2014 NBA Finals - Game Four

Report: Ray Allen would like to play another year, ideally wherever LeBron plays


Ray Allen isn’t Jesus Shuttlesworth on the court anymore (although he always will be in my heart), the young prospect full of promise. He isn’t the elite, All-Star Ray Allen of Seattle anymore. He’s a role player off the bench. He played 26 minutes a game off the bench in the regular season and playoffs, shot 37.5 percent from three in the season, 38 percent in the playoffs. He’s smart and solid still.

However his skills are clearly declining at age 38.

That doesn’t mean he’s done — he wants to come back for another year, reports Brian Windhorst at ESPN. By the way, he would like to do that wherever LeBron James plays.

After briefly considering retirement following the Miami Heat’s loss in the NBA Finals, Ray Allen is leaning toward returning for a 19th season in the NBA, according to sources.

Allen has a desire to continue playing alongside LeBron James, whom he developed a close relationship with during their two seasons together in Miami, whether it is with the Heat or another team. James and Allen vacationed together last week after the Heat were beaten in the NBA Finals by the San Antonio Spurs.

Meaning Allen only wants to come back if he can contend. Can’t blame him there.

Allen is one of the best conditioned, most meticulous athletes in the game. Nobody wins the race with father time, but Allen can hold out longer than most. In a limited role off the bench he still has some value.

The question is money. Allen made $3.2 million last season, if he wants to make that or more I’m hesitant. But if I’m the team wherever LeBron lands at the end of this summer, and I can get Wade for a veteran minimum contract (or very close to it), I’d pull the trigger. Allen is great in the locker room and can still knock down the corner three nightly.

Looks like Donovan to keep Andre Roberson, Steven Adams as starters

Los Angeles Clippers v Oklahoma City Thunder
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Billy Donovan was given the head coaching job in Oklahoma City to bring their offense into modern times — and it seems to be working, Russell Westbrook said he feels a lot more space in the system.

But if the Thunder are going to contend for a title, they need a top 10 defense as well — and to do that Donovan is going to keep a Scott Brooks move and continue to start  Andre Roberson and Steven Adams. Check out the starting lineup for their first preseason game Wednesday.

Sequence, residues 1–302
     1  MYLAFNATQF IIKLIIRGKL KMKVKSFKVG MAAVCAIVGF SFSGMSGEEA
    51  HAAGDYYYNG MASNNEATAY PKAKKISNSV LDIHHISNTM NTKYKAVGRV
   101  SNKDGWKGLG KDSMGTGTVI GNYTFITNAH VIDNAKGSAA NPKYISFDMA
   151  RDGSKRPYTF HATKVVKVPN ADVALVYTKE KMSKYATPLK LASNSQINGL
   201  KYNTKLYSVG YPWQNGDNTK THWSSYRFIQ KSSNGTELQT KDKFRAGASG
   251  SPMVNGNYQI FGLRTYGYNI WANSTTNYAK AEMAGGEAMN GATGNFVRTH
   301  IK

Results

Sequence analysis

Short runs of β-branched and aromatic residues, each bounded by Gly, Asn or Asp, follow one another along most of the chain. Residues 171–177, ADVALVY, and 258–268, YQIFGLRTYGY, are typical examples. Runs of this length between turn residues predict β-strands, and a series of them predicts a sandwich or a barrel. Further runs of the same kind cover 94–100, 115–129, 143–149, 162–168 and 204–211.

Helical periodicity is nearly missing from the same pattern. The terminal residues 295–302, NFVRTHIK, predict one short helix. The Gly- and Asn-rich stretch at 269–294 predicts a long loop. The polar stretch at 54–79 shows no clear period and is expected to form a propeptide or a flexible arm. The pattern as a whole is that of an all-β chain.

There also was this report via Anthony Slater in the Oklahoman yesterday about a scrimmage at practice.

Durant, Russell Westbrook, Serge Ibaka and Andre Roberson all started for the White team. Nick Collison joined them, but that was only because Steven Adams sat out with back soreness….

Donovan said the teams weren’t split by accident. That’s how they’ve been divided in practice. So at this point, it seems Roberson is this team’s starting shooting guard and Adams is the team’s starting center.

This is the smart move. Last season the lineup of Westbrook, Roberson, Durant, Ibaka and Adams was +13.4 points per 100 possessions over their opponents. Roberson and Adams are there for defense — neither brings much offensive game to the floor, but when you have Westbrook and Durant and only one ball between them, you don’t need more offensive threats. You’re going to get plenty of points.

If they can just stay healthy, Oklahoma City is a team to be feared.

Knicks’ legend Harry Gallatin passes away at age 88

Harry Gallatin
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The Hall of Fame player behind the original iron man streak is with us no more.

Knicks’ legend Harry Gallatin passes away at age 88, the team confirmed Wednesday.

Gallatin led the Knicks of the late 1940s and into the 1950s, when he set a then record playing in 610 consecutive games. Nicknamed “The Horse,” he was a beast on the boards who averaged 15.3 rebounds a game one season and averaged 11.9 boards and 13 points per game over the course of his 10-year career. He’s still fourth all time in total rebounds in Knicks franchise history.

Gallatin was a seven-time All-Star and twice All-NBA selection. After his playing days, he spent many years as the athletic director at Southern Illinois University Edwardsville.

Our thoughts are with his family and friends.